This study focused on participant views of the experience of a sustained student-led inquiry “the exhibition” planned over a longer period of time by teachers and undertaken over several weeks by students. The study asked: • How the exhibition took place in different contexts • How participants understood inquiry, critical thinking and international mindedness • How teachers shaped the student experience • What factors shaped the inquiry led learning. This mixed methods project drew on both qualitative and quantitative sources of data to investigate views about the PYP exhibition, and aimed to combine a multi-site case study methodology and the use of questionnaire surveys to develop a wider, informed picture of the PYP exhibition. The data collected for this study include a survey of students in seven case-study schools following the PYP, as well as focus groups with 8-10 students in each school. Interviews with parents, teachers and curriculum leaders complement this student data to enable the contrasting views of different stakeholders about inquiry-led learning to be explored. The paper concludes with a consideration the ways in which the notion of inquiry is adapted to contrasting cultural settings. A questionnaire survey for parents, students, teachers and coordinators was developed on the basis of these case-studies, to give a wider picture of the impact of the PYP exhibition on the development of learner profile characteristics, critical thinking and international-mindedness. The sample for this survey included all the IB schools that offered the PYP (and therefore, the exhibition) and the MYP, in the five case-study countries. The survey was administered in English in Kenya and the UK and in English and either Chinese, Russian or Spanish in the other countries. The analysis of this survey served as a means of testing, validating and broadening insights gleaned from a more fine-grained study of school practices in the case studies.
Parents, teachers and students were overwhelmingly positive about the PYP Exhibition as a learning experience, though different stakeholders constructed it differently. Parents had “bought into’ a vision of a globally orientated curriculum for their child but found themselves feeling pressures from their won schooling or expectations of assessment from other local schooling systems.Likewise, teachers were clear n their goals to empower and offer “just enough” support for students, but found themselves influenced by their own experiences and expectations, as well as factors of little national relevance. Teachers and students saw the Exhibition as an expression of the values and goals of the PYP Programme that developed the critical thinking of students through their questioning, and research skills. However, students valued the knowledge they constructed highly and this was not always recognized by other groups. The experience of inquiry learning was not the same in all classes, and in some, it was related to local expectations of good practice. As such, we argue each expression of inquiry is different, and valid in its context.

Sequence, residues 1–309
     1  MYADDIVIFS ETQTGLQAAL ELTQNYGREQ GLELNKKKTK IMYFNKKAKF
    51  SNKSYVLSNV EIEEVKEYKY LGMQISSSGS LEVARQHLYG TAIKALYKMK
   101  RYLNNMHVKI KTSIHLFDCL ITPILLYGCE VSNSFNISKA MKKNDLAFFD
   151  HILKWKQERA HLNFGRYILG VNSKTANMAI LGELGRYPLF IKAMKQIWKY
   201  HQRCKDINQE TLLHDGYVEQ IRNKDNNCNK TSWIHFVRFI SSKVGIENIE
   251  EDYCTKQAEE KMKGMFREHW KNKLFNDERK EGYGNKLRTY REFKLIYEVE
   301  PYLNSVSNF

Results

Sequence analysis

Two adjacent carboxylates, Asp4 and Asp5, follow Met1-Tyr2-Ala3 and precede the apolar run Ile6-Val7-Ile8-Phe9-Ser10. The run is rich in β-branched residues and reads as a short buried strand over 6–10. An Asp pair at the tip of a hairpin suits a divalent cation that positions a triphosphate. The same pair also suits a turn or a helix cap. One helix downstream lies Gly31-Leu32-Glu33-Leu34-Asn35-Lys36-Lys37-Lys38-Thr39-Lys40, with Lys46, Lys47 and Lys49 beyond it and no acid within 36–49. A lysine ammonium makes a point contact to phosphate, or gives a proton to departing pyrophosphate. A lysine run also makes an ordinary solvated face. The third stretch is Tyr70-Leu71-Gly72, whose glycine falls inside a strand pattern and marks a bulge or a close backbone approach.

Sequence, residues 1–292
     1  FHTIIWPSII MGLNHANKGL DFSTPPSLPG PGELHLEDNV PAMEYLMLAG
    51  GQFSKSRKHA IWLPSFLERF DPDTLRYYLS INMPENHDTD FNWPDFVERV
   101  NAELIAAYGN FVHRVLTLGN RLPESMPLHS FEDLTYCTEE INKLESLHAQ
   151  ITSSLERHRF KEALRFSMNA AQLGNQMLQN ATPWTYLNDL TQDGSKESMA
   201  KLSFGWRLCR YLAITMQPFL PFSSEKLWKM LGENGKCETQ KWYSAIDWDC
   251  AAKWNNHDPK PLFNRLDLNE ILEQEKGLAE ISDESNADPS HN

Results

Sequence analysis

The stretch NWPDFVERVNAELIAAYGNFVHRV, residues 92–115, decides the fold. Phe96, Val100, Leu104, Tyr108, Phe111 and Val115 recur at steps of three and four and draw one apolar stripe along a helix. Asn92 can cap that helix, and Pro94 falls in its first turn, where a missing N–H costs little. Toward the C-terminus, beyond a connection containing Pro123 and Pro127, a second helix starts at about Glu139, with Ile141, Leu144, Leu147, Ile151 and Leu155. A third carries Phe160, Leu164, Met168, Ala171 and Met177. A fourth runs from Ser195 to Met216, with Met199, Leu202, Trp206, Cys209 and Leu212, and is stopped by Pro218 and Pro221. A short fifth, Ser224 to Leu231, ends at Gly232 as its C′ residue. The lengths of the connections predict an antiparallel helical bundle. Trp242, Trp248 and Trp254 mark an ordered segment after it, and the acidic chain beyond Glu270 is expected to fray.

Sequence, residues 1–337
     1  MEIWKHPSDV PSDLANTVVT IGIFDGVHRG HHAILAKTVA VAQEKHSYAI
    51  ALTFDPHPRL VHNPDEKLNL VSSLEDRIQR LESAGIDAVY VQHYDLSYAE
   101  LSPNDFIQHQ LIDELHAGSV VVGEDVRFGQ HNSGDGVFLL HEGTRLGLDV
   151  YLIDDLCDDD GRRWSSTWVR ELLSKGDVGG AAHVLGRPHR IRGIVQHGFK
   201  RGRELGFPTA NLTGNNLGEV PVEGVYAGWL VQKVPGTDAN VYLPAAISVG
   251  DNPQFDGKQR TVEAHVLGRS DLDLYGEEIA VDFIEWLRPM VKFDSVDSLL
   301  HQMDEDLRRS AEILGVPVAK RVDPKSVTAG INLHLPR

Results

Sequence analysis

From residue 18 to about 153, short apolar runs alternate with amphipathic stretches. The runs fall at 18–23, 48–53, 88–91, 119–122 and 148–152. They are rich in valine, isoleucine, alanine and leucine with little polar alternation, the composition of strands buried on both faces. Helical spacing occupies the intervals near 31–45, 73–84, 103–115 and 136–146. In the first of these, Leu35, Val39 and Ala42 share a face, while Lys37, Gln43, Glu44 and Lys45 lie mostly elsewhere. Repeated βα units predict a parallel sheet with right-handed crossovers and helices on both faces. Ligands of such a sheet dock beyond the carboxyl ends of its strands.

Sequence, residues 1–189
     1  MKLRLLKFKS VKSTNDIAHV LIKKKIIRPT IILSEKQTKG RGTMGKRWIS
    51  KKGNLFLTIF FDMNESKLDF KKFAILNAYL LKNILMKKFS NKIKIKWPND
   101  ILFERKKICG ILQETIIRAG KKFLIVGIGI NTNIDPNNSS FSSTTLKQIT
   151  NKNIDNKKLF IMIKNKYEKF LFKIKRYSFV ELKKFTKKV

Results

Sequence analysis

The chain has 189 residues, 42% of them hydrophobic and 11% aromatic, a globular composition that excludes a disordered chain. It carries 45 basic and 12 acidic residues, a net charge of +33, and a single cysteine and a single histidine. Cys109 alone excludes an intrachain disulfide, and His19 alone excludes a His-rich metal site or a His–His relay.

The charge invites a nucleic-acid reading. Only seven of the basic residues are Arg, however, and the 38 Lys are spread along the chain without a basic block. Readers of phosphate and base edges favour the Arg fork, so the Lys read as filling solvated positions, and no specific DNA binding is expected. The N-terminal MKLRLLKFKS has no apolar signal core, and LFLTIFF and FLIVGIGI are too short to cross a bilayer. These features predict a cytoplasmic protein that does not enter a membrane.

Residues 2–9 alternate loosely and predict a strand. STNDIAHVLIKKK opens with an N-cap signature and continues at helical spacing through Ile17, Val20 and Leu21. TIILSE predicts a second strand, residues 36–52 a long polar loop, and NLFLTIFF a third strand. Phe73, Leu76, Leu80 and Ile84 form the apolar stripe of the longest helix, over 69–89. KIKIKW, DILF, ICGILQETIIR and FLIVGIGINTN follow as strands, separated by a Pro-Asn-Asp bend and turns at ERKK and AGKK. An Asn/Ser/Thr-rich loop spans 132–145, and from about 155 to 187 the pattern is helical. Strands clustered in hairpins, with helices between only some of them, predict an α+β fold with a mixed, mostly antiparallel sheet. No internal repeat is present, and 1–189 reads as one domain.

Hirsch, E.D. (1988) Cultural literacy: What every American needs to know. New York: Vintage Books Willingham, D. (2009) Why don’t students like school? American Educator, Spring 2009, 4-13 Pink, D. H. (2006). A whole new mind: Why right-brainers will rule the future. New York: Penguin. Lüddecke, 2015 Lüddecke, F. (2015). Philosophically rooted educational authenticity as a normative ideal for education: Is the International Baccalaureate’s Primary Years Programme an example of an authentic curriculum? Educational Philosophy and Theory, Available online at http://dx.doi.org/10.1080/00131857.2015.1041012 Thomas, D. and Brown, J.S. (2011) A New Culture of Learning. London: Soulellis. Jin, L. & Cortazzi, M. (2006) Changing Practices in Chinese Cultures of Learning Language, Culture and Curriculum, v19 n1 p5-20